Holiday Gift Guide for Naughty Dogs and Their Nice Humans

Whether it’s for your own or a friend’s four-legged troublemaker, here are some unique gift ideas to stuff their stockings, along with some lumps of coal holiday treats, of course.



Boredom Busters

Probably the most common cause of naughtiness in dogs is boredom.  And with cold temperatures and bad winter weather coming our way, going for long walks or play dates at the dog park might not be an option. Squeaky toys are great, but some dogs find endless fulfillment in learning new things and working closely with their owners. One of the best ways to build a strong bond with your dog and provide mental stimulation for them is through training classes. If the dog you’re shopping for has never taken any classes, then basic manners is a good place to start, but if he/she is already a pro at sitting, staying, and coming when called, consider  signing up for sports like agility, flyball, treibball, rally obedience, barn hunt, and tracking. They can be tons of fun for both ends of the leash.




A budget-friendly alternative is a good book or DVD on tricks and games. Kyra Sundance is the author of several books with easy-to-follow steps to teach your dog things like wiping their paws, recognizing directional cues like “right” and “left”, and even painting their own artwork. If the household includes kids, I would recommend “101 Dog Tricks, Kids Edition: Fun and Easy Activities, Games, and Crafts.” It has tons of ideas to entertain both canine and human children, including step-by-step directions to create toys and games with common household items.


If local trainers don’t offer gift certificates, and you are not sure that a book on tricks would do the trick (pun intended), an alternative to boredom busting could be one of these unique toys:

  • An iFetch interactive ball launcher, which combines mental and physical exercise, as the dog not only runs to go get the ball, but also needs to learn to bring the ball back and deposit it into the launcher. As you can see in this video, fetching is not just fun for retrievers.


  • A bacon bubble machine, which could be a big hit or a big miss. Not all dogs care for bubbles. I tried non-toxic bubbles with my dogs to see how they would react, and not a single one of them showed any interest in anything but the actual plastic wand. However, if you are holiday shopping for a dog like the ones in this video, then it could be a cool present.


  • A tether tug, which is a clever solution if you have a strong tug-of-war-lover and you don’t want to lose an arm. They come in all shapes and sizes, including some that can be used indoors and some that claim to be indestructible; see the full list of products here: They are relatively inexpensive, and you would be supporting a small business here in the US.


  • A Clever Pet toy, which could be described as the high-tech (and high-price) offspring of the “Treat & Train” remote dog trainer and the Simon Electronic Game for kids. It is an automatic food dispenser that responds based on the pads your dog touches. A similar alternative is the Puppod, which is also based on targeting but at a distance. Toys like these take patience and commitment, but they could be great for those too-smart-for-their-own-good dogs. See the Clever Pet in action here:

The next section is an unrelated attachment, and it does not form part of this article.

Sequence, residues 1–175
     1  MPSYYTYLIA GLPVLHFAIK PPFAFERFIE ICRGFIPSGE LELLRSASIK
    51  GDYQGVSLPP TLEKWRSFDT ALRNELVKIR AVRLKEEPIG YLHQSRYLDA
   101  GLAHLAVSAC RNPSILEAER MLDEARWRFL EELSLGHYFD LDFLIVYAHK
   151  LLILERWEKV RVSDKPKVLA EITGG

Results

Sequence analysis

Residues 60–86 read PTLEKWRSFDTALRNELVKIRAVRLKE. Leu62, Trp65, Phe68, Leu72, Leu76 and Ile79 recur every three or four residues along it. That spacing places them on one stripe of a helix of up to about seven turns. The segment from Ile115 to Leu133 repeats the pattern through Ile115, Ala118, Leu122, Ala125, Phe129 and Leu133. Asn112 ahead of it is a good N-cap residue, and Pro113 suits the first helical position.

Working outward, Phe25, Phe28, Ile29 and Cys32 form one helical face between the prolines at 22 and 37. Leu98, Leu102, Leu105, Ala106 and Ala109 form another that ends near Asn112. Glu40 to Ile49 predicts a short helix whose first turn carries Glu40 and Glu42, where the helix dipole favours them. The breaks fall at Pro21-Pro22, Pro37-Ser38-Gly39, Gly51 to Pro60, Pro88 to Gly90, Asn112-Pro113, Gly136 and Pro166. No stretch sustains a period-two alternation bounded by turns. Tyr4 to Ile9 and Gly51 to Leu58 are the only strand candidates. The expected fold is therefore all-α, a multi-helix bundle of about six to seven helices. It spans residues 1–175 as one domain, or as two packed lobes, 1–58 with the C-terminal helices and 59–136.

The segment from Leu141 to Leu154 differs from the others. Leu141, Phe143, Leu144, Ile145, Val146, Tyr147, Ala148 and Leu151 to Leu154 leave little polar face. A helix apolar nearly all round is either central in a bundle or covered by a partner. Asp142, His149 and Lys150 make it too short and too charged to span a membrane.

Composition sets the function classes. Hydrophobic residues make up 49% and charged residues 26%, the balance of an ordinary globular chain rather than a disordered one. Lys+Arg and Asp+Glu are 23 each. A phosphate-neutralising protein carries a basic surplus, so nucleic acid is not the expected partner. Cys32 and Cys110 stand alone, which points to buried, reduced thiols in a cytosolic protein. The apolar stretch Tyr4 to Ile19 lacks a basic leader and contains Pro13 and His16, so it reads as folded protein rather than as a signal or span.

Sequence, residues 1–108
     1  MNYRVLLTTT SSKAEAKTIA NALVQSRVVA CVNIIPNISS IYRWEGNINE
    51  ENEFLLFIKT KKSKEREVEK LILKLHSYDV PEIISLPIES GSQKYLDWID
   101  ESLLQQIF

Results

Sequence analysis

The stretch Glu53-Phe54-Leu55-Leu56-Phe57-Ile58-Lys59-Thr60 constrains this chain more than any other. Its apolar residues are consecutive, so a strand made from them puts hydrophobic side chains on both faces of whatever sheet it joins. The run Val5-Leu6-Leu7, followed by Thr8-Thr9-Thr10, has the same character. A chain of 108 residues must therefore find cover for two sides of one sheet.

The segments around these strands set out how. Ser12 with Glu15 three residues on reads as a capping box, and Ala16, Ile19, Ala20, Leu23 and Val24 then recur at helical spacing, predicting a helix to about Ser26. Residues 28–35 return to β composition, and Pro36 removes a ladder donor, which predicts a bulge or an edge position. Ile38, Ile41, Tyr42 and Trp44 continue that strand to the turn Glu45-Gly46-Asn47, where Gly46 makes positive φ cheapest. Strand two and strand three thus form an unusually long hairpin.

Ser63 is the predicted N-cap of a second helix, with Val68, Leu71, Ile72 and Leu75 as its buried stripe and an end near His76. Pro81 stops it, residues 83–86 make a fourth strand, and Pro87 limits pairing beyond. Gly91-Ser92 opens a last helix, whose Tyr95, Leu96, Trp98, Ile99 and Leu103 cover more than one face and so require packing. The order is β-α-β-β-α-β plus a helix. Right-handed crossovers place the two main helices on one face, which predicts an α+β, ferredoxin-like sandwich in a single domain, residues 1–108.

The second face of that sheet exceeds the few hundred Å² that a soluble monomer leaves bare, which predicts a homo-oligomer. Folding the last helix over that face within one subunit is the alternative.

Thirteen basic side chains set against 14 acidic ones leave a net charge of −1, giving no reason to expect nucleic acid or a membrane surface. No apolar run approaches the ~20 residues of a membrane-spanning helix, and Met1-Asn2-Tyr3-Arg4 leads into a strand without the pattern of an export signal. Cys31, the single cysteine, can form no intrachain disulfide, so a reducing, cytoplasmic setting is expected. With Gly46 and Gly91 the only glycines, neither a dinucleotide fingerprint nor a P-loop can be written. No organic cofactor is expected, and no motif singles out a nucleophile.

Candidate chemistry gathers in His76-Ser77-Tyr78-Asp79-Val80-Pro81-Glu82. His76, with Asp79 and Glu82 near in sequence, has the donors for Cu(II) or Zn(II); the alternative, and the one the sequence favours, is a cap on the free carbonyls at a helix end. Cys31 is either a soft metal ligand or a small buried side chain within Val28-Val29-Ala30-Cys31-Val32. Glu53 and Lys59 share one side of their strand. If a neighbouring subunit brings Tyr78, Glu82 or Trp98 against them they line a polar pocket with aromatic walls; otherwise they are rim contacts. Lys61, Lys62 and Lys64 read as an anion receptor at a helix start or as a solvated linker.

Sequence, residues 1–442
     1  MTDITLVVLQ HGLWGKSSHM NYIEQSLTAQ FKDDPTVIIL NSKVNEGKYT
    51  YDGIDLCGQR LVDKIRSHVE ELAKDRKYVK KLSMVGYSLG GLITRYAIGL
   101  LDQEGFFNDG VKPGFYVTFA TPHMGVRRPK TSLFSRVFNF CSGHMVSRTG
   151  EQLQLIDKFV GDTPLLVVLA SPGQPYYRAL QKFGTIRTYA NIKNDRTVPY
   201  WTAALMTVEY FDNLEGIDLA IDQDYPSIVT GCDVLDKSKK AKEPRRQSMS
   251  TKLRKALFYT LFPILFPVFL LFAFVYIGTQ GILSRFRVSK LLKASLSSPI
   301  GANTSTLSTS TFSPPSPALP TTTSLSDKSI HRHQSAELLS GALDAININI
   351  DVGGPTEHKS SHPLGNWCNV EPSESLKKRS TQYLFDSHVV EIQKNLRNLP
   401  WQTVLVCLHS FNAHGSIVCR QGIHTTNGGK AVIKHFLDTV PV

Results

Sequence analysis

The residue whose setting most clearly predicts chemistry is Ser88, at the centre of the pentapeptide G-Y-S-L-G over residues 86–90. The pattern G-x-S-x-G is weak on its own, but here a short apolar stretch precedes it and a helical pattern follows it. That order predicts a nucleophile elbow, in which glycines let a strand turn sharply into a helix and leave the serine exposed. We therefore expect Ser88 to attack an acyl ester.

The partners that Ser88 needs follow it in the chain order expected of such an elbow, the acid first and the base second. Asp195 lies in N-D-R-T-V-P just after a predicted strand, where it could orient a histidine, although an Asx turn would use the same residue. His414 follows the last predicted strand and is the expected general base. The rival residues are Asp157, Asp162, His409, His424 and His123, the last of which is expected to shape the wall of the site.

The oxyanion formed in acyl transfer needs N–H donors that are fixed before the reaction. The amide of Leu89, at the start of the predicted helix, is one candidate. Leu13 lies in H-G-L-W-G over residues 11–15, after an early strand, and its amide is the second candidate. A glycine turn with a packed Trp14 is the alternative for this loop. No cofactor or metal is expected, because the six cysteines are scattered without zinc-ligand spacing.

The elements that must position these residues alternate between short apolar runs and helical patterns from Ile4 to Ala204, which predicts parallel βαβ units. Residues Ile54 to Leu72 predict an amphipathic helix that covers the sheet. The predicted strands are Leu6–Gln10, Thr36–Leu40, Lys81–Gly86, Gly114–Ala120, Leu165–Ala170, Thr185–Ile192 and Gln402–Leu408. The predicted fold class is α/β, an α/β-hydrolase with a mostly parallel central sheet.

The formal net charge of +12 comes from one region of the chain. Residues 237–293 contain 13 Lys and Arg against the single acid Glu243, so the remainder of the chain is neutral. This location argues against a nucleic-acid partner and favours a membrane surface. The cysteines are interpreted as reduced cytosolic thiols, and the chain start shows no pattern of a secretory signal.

Calming Canines

Stress and anxiety are also common causes of bad behavior. Just like the holidays are stressful for humans, our dogs might also find other situations to be quite stressful. A dog can misbehave as a coping mechanism to something scary: thunderstorms, fireworks, the high-pitched beeping of a fire alarm, a particular smell, or even something as innocuous as birds (yes, one of my dogs is terrified when Spring comes and birds start chirping and flying around the yard). So, if you are shopping for a dog who is more than nutty than naughty, consider the following two really special gift ideas.


  • A gift certificate for a canine massage. Indeed, some dogs absolutely love massages almost more than treats or toys. In addition to reducing their blood pressure, relieving some muscle tension can also help them be less cranky and happier later on. That is especially true for older dogs and very active breeds. The School of Canine Massage in Chicago offers gift certificates for one-hour professional canine massage sessions, as well as for hands-on massage classes where dog parents and their canines can attend and learn relaxation techniques. It could be a fantastic gift for a professional or amateur dog handler (vet techs, trainers, boarding staff, pet sitters, etc.), or any dog parent who wants to be able to impress their friends with words like effleurage and petrissage.




  • A basket for basket-cases. Instead of a basket full of lotions, scented candles, and bath salts (all of which could be very dangerous for a dog), fill up a cute red-and-green basket with the following: a bag of Zuke’s Calming Peanut Butter treats, a CD of Canine Lullabies, a bottle of Adaptil to be sprayed on a cute bandana. If you want to throw in a Thundershirt too, go for it. You may need to include a disclaimer that not all dogs get in a lotus position as soon as you give them one of the chews or play one of the songs. Some respond very well to pheromones (there are many but Adaptil comes highly recommended by a behaviorist), which work best when they are sprayed on a bandana and then placed snuggly around the dog’s neck; others really like the feeling of being hugged by the Thundershirt. The same can be said about music, although since it may also have a calming effect on the humans around the dog, it could be the gift that keeps on giving. And if your holiday budget allows for it, how about the iCalmDog 3.0? It is a player pre-loaded with 4 hours of music to calm your canine in a variety of situations. Since it is quite an investment, you can listen to some free samples here first: